Posted tagged ‘broken flower pots’

“People can say what they like about the eternal verities, love and truth and so on, but nothing’s as eternal as the dishes”

June 28, 2015

Last night the sky opened and the rain fell and kept falling until just a little while ago. I’m thinking we got an inch or more of rain. During the height of storm the wind was fierce, and the trees were blown about as if it were a hurricane. I have a branch down in the front yard, and my umbrella, despite its 100 pound base, tipped over onto the deck rail. One of my giant clay pots either fell or, more likely, was shoved off the rail and it shattered on the steps. I saw two grey spawns chasing each other on the deck, amorously I suspect, and they might be the broken clay pot culprits. I cleaned the mess and now have dirt under my nails.

I like Sundays, and though they are no longer the same quiet Sundays of my childhood, they do seem more subdued than any other day of the week. The kids aren’t playing in the street and even the dogs are quiet. I remember Sunday dinner as my favorite meal of the week, and I remember all of us eating together at the table. That was unusual as my Dad worked long hours and generally came home late, after we’d already eaten. He was a salesman who worked back then for J. P. Manning Co, a huge tobacco wholesaler in Boston which, among other things, sold cigars and cigarette vending machines. Once I went with my Dad to his office in Boston, but I stayed in the car. All I remember is seeing the name J. P. Manning across the top of a window.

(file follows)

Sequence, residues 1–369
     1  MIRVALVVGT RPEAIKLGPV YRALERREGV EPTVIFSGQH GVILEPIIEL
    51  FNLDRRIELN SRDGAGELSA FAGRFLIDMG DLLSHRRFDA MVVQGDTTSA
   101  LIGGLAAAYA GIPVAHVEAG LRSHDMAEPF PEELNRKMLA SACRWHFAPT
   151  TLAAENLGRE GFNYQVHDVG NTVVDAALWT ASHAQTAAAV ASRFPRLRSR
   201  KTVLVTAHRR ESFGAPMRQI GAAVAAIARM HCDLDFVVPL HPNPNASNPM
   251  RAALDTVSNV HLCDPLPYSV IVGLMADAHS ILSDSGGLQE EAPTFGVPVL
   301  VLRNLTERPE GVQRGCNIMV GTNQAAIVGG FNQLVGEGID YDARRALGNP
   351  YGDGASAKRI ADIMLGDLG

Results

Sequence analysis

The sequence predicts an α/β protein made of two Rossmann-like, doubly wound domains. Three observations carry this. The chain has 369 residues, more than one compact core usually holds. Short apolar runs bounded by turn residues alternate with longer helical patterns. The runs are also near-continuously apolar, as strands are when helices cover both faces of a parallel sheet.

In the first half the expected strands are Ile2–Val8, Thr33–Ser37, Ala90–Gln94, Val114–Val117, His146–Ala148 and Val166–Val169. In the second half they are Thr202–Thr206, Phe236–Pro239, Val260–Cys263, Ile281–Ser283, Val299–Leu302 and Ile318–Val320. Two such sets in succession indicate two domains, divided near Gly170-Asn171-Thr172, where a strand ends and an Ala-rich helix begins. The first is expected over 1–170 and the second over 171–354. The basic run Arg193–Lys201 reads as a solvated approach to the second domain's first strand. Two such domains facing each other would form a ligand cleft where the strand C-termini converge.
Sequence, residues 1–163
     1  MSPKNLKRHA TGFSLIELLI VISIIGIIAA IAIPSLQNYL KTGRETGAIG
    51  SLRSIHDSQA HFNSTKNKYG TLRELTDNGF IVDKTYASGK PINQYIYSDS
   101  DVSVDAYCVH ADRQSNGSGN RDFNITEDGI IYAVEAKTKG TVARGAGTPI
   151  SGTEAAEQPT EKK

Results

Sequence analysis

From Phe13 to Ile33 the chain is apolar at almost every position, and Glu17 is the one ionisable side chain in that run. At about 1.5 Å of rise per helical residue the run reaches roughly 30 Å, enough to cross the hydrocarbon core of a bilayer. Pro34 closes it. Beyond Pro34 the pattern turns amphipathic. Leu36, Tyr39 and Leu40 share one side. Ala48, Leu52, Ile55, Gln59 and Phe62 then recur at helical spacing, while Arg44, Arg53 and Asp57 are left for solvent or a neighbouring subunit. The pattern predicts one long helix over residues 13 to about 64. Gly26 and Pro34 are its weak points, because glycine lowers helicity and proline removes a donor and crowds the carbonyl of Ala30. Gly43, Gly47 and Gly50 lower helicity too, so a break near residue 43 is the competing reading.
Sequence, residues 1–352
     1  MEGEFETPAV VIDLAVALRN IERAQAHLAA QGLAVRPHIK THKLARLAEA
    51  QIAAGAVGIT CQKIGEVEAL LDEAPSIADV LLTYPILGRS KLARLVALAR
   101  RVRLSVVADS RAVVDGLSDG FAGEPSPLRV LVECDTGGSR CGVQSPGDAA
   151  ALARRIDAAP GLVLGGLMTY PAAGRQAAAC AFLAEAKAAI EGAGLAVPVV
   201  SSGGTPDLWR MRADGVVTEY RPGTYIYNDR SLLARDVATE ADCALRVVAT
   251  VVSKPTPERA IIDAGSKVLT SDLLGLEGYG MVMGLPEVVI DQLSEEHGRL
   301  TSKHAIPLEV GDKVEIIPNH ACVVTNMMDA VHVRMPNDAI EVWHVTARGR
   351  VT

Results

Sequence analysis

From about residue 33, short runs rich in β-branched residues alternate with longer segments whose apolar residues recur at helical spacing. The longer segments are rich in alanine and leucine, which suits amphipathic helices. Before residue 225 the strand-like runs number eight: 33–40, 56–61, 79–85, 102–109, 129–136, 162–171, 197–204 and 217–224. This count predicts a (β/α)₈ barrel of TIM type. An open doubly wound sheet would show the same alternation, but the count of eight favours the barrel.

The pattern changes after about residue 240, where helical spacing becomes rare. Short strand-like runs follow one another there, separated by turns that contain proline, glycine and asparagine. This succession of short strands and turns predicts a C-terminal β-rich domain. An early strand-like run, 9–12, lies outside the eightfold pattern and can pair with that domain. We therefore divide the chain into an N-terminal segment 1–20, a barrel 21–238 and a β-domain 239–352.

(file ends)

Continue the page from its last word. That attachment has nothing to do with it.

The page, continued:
Every dinner on Sunday had a roast as the center piece, mashed potatoes, gravy and a vegetable or two: green beans, peas, yellow waxed beans or string beans, all from cans. My mother bought her set of Sunday dishes from the supermarket, a dish a week. She also bought the accompanying dishes including a gravy boat, a vegetable server which held two vegetables and a platter for the cut slices of meat. The dishes were off-white with what looked like wheat on them as a decoration and were made of melmac. Though the dishes lasted forever, they started to fade over time and were relegated to being every day dishes.

When my mother started serving Sunday dinner on real dishes, it was cause for celebration. My mother was acknowledging we were growing up and could now be trusted with breakable dishes.


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